Bamboo hopes to break 8-year album drought this 2023
While his duties as a coach and judge for the “The Voice Philippines” franchise have kept Bamboo Mañalac busy and visible for the past decade, not a few fans couldn’t help but wonder if a new album is finally in the offing for the singer-songwriter.
The last time Bamboo put out a full album was in 2015 with “Bless this Mess.” But it’s not because he has deprioritized making new music. He just wants to come up with something different in terms of production. And that takes time.
But the good news for his followers is that the long wait could very well end this year. “It should be soon … definitely this 2023,” Bamboo told the Inquirer in a recent virtual conference. “My band and I have been to the studio and started a couple of things already. Some are hits, some are misses. I’m looking for something different. That’s the thing.”
Needless to say, the COVID-19 pandemic did his creative process no favors. Some artists had to make do producing material remotely through digital means. Bamboo, however, couldn’t get fully behind it.
“I have held back because I didn’t enjoy the process of writing or releasing music in this space, especially during the onset of COVID-19. It just didn’t work for me … the exchanging of files and such. It would take you 15 minutes to do something you would normally finish in five seconds,” he related. “I needed to be in the same room with my guys.”
So, to keep his creative juices flowing, Bamboo was more than happy to lend his skills to other artists. “I have been collaborating with other musicians. Even if I’m not on my lane, I’m on another lane, working on other people’s projects. And it’s a great way to learn. It’s not your song, so you have to bend to their ideas and collaborate. It’s a great exercise.”
One such collaboration is his North American tour with fellow “The Voice Kids PH” Season 5 coach KZ Tandingan.
Show promoter Enteng the Dragon will bring the two OPM stars to Seattle, Washington on April 16; Palm Springs, California on April 22; and Sacramento, California on April 28. The tour continues with Bamboo performing solo in Chicago, Illinois on May 5; and Toronto, Canada on May 6.
“Touring outside the country is a different experience. Music is one of our flags and stamps as Filipinos, so that’s really special,” he said. “You also get to be with your group and fellow artists, and create a bond that ultimately affects the way you play music. And it’s a beautiful thing when the ball starts rolling.”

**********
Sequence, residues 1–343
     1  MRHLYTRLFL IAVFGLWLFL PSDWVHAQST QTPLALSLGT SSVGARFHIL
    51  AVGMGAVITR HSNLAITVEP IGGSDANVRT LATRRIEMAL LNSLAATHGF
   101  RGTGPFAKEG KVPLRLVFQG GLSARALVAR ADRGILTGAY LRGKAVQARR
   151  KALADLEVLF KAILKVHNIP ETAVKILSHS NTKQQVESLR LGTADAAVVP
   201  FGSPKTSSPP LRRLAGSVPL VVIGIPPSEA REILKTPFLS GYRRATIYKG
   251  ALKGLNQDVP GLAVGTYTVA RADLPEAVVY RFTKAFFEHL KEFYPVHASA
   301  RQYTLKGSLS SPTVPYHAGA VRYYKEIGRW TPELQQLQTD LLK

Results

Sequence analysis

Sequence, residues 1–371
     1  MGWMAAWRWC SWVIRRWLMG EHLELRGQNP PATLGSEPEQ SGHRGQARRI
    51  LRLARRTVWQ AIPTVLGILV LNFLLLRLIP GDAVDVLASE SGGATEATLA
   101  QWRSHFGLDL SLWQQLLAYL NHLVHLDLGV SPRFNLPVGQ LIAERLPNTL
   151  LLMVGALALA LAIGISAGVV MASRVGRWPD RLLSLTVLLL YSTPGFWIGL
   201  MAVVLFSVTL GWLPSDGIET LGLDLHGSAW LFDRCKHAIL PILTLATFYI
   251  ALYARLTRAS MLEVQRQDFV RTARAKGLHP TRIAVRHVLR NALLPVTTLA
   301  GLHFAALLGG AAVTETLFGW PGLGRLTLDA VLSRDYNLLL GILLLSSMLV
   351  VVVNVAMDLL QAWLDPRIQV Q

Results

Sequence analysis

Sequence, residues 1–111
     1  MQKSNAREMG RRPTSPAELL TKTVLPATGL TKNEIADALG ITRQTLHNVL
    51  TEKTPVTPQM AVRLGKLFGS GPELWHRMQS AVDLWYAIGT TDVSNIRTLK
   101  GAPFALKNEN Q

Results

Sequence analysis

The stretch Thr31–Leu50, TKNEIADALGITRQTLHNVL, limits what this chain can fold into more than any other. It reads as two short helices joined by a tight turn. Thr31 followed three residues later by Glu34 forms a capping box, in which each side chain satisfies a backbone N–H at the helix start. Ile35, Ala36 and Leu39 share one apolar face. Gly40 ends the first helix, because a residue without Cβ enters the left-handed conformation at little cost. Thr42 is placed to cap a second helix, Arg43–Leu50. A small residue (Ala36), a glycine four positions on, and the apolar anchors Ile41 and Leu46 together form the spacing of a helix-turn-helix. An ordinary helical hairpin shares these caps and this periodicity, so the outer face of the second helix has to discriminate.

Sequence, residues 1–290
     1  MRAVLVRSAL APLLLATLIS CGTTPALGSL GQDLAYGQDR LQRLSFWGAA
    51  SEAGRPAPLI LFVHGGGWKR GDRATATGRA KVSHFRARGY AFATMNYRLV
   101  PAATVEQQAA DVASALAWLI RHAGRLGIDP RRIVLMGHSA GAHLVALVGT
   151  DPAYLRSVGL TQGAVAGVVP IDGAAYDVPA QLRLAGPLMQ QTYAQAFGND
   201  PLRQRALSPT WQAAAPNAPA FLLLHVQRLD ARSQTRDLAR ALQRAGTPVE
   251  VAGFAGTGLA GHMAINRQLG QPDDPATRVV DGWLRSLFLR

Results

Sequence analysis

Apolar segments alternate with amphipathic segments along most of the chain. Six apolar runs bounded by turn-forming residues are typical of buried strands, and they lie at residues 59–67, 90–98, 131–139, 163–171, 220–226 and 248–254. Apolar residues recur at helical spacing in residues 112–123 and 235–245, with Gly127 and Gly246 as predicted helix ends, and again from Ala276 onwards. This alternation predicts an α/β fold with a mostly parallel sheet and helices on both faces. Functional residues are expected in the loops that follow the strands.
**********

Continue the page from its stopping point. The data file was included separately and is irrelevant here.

Putting together a setlist is always hard, he said, because he has an expansive catalog that encompasses hit songs from his former bands Rivermaya and Bamboo.
He also has two albums worth of material as a solo artist. “I have stuff from way back and newer stuff. There are things I have already done in past shows and concerts. So it’s about balancing it,” he said.
But one thing about Bamboo is that he always leaves room for surprises. He’s a spontaneous performer. And Bamboo has no doubt that KZ has what it takes to keep up—and then some.
“The highlight of the show for me is the unexpected. Once you put KZ and me onstage with a band, there’s chemistry. And we love doing things on the fly. We will let the people’s and the bands’ energy guide us,” he said.
“KZ and I take a lot of pride in our live shows. We know that, by the end of the night, the fans’ heart rates will be up. They will be sweaty. They will feel like they’re part of the show—not just watching the show. That’s something we will both bring every single night,” he added.
The 47-year-old rock star couldn’t be more excited about the resurgence of the live music scene. Because there’s nothing more humbling than standing in front of an adoring crowd.
“Seeing people’s support and energy is humbling. So it doesn’t matter if you’re having a bad day or what, you have to give it your all,” he said.
In describing what it was like to be working with someone like Bamboo, KZ highlighted the former’s contributions to the local music scene, and how he paved the way for artists who don’t necessarily fit the traditional mold.
While that was heartening to hear for Bamboo, it’s not something he obsesses about.
“I don’t go to bed thinking about it. I feel like I’m starting out again. As a musician, it’s about moving forward. Every single time I do a song or an album, I’m like, ‘Will I be able to do something like that again?’ Will I be able to replicate that?’” he said.
And fortunately, he did, thanks to the people around him. “I’m lucky I was able to do it from time to time. But there are lots of people involved. It’s also about being with the right people who believe in you and push you… That’s one of the most gratifying things—gifts—of my job,” he said.
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